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Cannabis medication for epileptic girl costs £1k a month

The parents of an epileptic two-year-old are paying £1k a month for medical cannabis they cannot get on the NHS.

Emily Howis and Spencer Carret said the treatment has reduced their daughter Clover’s seizures from 80 a week to just one.

The family, from Trowbridge in Wiltshire, are importing cannabis oil from The Netherlands.

The government said cannabis-based medicine use was being limited due to “ongoing concerns”.

Clover was born with part of her brain missing – known as aicardi syndrome. The genetic condition meant the first three months of her life were blighted by regular epileptic fits.

Mr Carret said she was having “70 to 100” fits a week.

When she was four months old, Clover’s parents paid for an over-the-counter CBD cannabis oil.

Now she has one seizure a week on average, and some weeks none at all, they said.

The couple said it was “incredible” how her life has changed, and that their own neurologist was amazed at her progress.

“They weren’t expecting her to be able to walk or talk, or do anything really,” Mr Carret said.

In 2018, the government said specialist doctors could legally prescribe cannabis oil for medicinal use.

Application rejected

But campaigners said only a handful of families have been successful in the process.

When Clover’s parents applied, they were rejected, so their best hope is for her to be included in a medical research trial.

Family and friends are currently fundraising to help pay for the treatment. Friend Lee Evans is doing a 100,000km (62,000 mile) sponsored run.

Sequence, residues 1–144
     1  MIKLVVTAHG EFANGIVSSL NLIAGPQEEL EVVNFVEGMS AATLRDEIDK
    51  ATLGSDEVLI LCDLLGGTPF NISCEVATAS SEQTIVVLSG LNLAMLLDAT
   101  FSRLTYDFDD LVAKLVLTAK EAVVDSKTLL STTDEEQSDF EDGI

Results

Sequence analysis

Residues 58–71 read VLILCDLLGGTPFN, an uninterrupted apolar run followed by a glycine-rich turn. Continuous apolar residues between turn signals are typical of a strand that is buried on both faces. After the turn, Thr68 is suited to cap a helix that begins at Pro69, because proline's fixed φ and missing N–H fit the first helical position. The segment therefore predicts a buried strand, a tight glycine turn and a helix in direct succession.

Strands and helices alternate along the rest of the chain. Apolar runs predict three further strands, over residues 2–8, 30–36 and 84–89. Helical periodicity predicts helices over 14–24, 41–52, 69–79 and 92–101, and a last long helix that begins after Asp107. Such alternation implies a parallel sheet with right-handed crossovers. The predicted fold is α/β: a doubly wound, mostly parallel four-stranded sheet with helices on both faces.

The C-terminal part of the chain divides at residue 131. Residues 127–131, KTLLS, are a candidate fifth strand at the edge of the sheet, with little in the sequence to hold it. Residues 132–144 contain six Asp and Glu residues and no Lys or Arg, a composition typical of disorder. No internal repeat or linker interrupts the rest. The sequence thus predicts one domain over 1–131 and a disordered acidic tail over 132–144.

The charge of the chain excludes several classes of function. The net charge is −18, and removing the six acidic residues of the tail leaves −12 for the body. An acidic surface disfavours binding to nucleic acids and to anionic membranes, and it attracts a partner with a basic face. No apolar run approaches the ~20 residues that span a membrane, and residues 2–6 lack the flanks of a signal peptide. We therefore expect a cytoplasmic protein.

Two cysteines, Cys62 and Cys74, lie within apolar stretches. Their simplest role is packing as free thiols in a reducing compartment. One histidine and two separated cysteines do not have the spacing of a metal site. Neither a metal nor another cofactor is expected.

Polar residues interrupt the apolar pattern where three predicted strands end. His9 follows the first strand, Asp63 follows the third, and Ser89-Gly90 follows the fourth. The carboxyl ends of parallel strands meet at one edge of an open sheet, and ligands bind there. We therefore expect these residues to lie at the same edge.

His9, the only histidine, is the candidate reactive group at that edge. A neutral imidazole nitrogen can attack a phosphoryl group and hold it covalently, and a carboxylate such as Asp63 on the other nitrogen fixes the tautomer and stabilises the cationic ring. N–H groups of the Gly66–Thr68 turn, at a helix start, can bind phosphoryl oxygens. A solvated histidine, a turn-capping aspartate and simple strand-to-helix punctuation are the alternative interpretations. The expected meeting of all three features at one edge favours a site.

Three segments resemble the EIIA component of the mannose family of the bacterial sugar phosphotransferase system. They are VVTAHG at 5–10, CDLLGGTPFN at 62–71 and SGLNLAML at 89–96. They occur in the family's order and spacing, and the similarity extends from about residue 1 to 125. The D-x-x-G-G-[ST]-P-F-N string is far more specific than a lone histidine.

But like some other families, the couple said they were worried that restrictions caused by Brexit mean they may soon no longer be able to import cannabis oil from The Netherlands.

The Department of Health said several professional medical bodies “remain concerned” about the lack of evidence around the safety and success of cannabis-based medical products.

A spokesman said: “The NHS is working with the National Institute for Health Research and others to build a high-quality evidence base to determine if patients with refractory epilepsy could benefit from these products.”

NICE, the body that issues prescription guidelines, updated its advice on cannabis-related medical products in March 2021.

The body said it does not want to ban doctors from prescribing medical cannabis to severely epileptic children as this would restrict research, but has stopped short of recommending CBD oils as a widespread treatment for childhood epilepsy.

Cannabis plants are made up of more than 100 different cannabinoids, which have different impacts on the body and are concentrated to different extents in certain parts of the plant.

The most well-known of these are THC and CBD.

THC is the psychoactive cannabinoid – the one that recreational users use to get “high”. CBD does not have this effect.

While almost all cannabinoids are controlled substances under the Misuse of Drugs Act, CBD – or cannabidiol as it is also known – is not.

Source: BBC

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